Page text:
WEEKLY MEDIA BRIEFING WITH DEPUTY ATTORNEY GENERAL ERIC HOLDER.
THE DEPARTMENT OF JUSTICE, WASHINGTON, DC
9:31 A.M. EDT THURSDAY, APRIL 22, 1999
MR. HOLDER: Good morning. Attorney General Reno is in Colorado today to meet with law enforcement and victim service providers, as well as to meet with community members. She wants to offer them our support and let them know that we are ready to provide whatever assistance we can and whatever assistance they might request.
This week's shooting deeply shocked and saddened all Americans. All of us are asking how this could have happened. We're asking what we can do to make sure that it never happens again, but I'm not sure that anyone really has all of the answers.
I do know that we are moving in the right direction, despite this tragic event. Although it comes as little comfort, we must remember that schools are still among the safest places for our children. But one shooting like this is one too many.
Since last year's shootings, we've stepped up our efforts to help school violence -- to stop school violence before it happens. We've convened meetings with experts on youth violence, and uniformly these experts told us that there is much that we know about how to prevent similar incidents from arising, and there's much that we can do. They told us that while we must punish and hold youthful offenders accountable, we must do everything that we can to prevent similar tragedies from happening as well. We must balance punishment, prevention, and intervention is the key.
In August of 1998 the Departments of Justice and Education issued guidelines to help school principals and teachers recognize and respond to youth who have displayed warning signs of violent behavior. And this is a copy of that guide, the "Early Warning, Timely Response: A Guide to Safe Schools." We have distributed over 500,000 copies of this "Early Warning, Timely Response" report. Every school in the nation was sent a copy.
We also collaborated with the Department of Education on the first ever annual report on school safety, which was released last fall. That is this. This contains statistical information, how-to guides on how to prevent school violence, examples of good programs that worked, and then how to get access to resources.
In addition, the COPS office at the Department of Justice is pursuing promising problem-solving partnerships between schools and law enforcement. We know that when schools work together with local law enforcement to tackle local school safety issues, they enjoy remarkable success. We're also funding the hiring of hundreds of community police and school resource officers to work in our most troubled schools.
And together with the Departments of Education and Health and Human Services, we've set up a new grant program called the Safe Schools, Healthy Students Initiative, designed to promote coordinated, comprehensive plans for school safety in communities around the country.
We just opened the application process for this initiative, which marks the first time that the three agencies have partnered to create a single, streamlined application and funding process. These are just some of the steps that show this administration's commitment to eliminating youth violence, but the tragic events in Littleton are a sad reminder that our work is clearly not yet done. We will keep looking for more ways to prevent these sorts of deadly acts from happening again.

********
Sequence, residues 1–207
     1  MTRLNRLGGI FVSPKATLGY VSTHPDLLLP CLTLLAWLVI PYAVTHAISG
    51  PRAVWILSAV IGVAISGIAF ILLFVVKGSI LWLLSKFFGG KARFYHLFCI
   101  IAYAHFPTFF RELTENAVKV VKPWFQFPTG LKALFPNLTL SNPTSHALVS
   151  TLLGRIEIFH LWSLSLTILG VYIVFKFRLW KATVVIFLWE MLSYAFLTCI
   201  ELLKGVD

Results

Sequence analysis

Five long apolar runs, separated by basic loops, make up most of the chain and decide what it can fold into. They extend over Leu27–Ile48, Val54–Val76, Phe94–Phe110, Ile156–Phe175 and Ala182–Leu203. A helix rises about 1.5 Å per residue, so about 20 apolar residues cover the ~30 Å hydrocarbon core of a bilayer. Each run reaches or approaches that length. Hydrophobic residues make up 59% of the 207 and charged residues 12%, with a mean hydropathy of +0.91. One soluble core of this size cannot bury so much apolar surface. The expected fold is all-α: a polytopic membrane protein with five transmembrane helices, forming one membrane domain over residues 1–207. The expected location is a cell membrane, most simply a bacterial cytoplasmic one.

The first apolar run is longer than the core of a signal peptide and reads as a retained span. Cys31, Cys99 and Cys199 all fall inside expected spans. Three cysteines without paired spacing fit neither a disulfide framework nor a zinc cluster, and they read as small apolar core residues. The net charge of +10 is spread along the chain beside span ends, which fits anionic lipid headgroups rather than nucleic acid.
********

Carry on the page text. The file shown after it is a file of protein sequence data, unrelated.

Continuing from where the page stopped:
Q Parents of one of the slain students is saying that it was well known that these students were threatening other kids. In fact, one was waving a pipe bomb, was the slain weight lifter -- (inaudible) -- saying we we complained to the school that this kid was threatening my son. In this case, it seems like the warning signs were all there and the adults weren't heeding them. What is your feeling about that?
MR. HOLDER: Well, I'm not familiar with, you know, all the facts that have been developed. I mean, this is still an ongoing process. But one of the things that I think that comes out of this "Early Warning, Timely Response" book is that I would hope that school administrators, parents, students would look at this, read it, and then be mindful of those people who show these kinds of signs. I mean, hindsight is always 20-20, and you don't want to be unfair. But I think this is a really good piece of work that I hope administrators and people who are involved in schools will look at and then will employ.
Q Mr. Holder, at one time the department was pushing legislation for trigger locks, childproof trigger locks. It basically died in Congress. Any thought within the department of trying to revive that legislation and trying to get it passed?
MR. HOLDER: I still think that that is a good idea. We will be introducing as part of an initiative in the next few weeks a variety of gun measures, and I think that is something we ought to -- that Congress should still seriously consider.
Q Trigger locks obviously would not have stopped these two kids, though.
MR. HOLDER: No, and you can't point to any one thing as preventing any one of these tragedies. I mean, we have to look at a comprehensive set of measures to try to stop these things, everything from conflict resolution to trigger locks, the early warning system. And we have to do all these things in an attempt to identify those kids who are most at risk and then stop them from doing the type of things we have seen too often in the last couple of years.
Q This school had a rule that any kid coming into school with a gun would be expelled. Obviously, that did not deter these students.